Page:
$70K in Narcan awarded to Jessamine County EMS
Sims Drugs pharmacist worked hand-in-hand with chief Wilhite to receive grant money in fight against opioid epidemic
John McDaniel, pharmacist and owner of Sims Drugs in Wilmore, recently applied for a grant through Cardinal Health, which resulted in Jessamine County Emergency Management System being awarded almost $70,000 in Narcan, a reverse opioid agent, to be used in the fight against the opioid crisis in Jessamine County.
“Six months ago, a Cardinal representative called me,” McDaniel said. “They said there is a grant offering a couple million to provide nasal Narcan. The EMS in Jessamine County has purchased mostly from me for about six years. I talked to the chief, and also talked to the police departments and county sheriff’s office. Some said they didn’t want to fool with it.”
McDaniel said he asked to apply for the grant on their behalf. Along with Assistant Chief Chris Wilhite for Jessamine County EMS, McDaniel filled out an application and was approved.
Earlier this month, they received their shipment of nasal Narcan, which they hoped to have out on the trucks late last week.
“As part of the frontline response to the opioid crisis, first responders know the importance of Narcan in helping reverse overdoses and save lives,” Wilhite said. “(The) donation from Cardinal Health will help Jessamine County EMS crews save lives while easing budgetary pressures on our department.”
McDaniel said with the nasal form of Narcan, the onset takes a little longer to work than the injectable. However, Wilhite said his deputies would feel more comfortable using the nasal spray as opposed to the injectable version.
“It is a safer product,” Wilhite said. “Most times you have someone and you give them the Narcan and it reverses the overdose and they become aggressive. If there is a needle flying around, someone can get stuck by it. With this, you just shoot it in their nose.”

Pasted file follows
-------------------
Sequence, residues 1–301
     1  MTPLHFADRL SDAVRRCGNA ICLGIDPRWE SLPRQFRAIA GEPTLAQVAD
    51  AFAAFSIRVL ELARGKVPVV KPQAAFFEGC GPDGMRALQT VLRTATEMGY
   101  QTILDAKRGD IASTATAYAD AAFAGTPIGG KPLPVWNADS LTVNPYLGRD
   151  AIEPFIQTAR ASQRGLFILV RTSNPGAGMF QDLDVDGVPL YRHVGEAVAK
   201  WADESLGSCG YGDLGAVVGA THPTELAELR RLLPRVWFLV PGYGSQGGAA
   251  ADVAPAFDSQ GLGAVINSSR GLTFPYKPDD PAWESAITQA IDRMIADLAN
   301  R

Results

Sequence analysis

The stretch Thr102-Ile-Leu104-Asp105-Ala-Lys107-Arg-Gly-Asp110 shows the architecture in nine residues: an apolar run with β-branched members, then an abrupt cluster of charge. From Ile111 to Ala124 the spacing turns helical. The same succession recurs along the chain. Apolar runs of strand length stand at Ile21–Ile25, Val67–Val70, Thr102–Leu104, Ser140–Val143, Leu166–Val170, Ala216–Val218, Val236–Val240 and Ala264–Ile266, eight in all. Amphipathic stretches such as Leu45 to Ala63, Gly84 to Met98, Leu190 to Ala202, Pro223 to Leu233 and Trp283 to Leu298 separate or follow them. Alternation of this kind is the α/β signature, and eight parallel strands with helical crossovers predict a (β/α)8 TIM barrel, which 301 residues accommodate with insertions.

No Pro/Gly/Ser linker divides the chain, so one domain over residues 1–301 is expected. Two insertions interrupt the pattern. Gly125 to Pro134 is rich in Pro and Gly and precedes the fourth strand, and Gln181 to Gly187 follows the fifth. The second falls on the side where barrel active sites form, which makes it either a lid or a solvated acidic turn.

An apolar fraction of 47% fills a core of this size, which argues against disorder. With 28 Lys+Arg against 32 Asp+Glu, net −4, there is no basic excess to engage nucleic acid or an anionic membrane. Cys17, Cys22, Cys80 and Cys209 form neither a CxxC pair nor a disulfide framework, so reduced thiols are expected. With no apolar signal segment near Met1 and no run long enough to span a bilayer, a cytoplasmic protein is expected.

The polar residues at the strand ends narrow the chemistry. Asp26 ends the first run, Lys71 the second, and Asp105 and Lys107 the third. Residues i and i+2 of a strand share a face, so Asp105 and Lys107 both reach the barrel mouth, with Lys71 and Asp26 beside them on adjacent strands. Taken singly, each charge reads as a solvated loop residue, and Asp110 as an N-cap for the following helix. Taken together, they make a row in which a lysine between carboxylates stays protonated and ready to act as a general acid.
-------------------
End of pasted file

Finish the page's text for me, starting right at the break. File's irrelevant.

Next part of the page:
Although the nasal spray has been available in the state, and can even be acquired without a prescription, Wilhite said this is the first time Jessamine County EMS will be using the product.
“You can buy the product yourself and use it,” Wilhite said. “But if I was to use it before now it was not approved.”
McDaniel said there is no bias to the opioid crisis and addiction. When it is about your loved one, McDaniel said it becomes personal.
“If it is someone you love and it takes five overdoses to finally realize and be committed to rehab and be committed to overcoming, do you only want them to be addressed that fourth time?” McDaniel said. “If it takes five overdoses, you want them to be able to be saved five times. I have been here 11 years and I know the people that overdosed and died. I have watched where people have overdosed and not died, but they have had strokes and had to be put on Medicaid and admitted to a long-term care facility. There is a cost with this, but it is worth it in the long run to do this.
“When it is in the news and it is someone else, it is one thing, but when it is your loved one, it is something else.”
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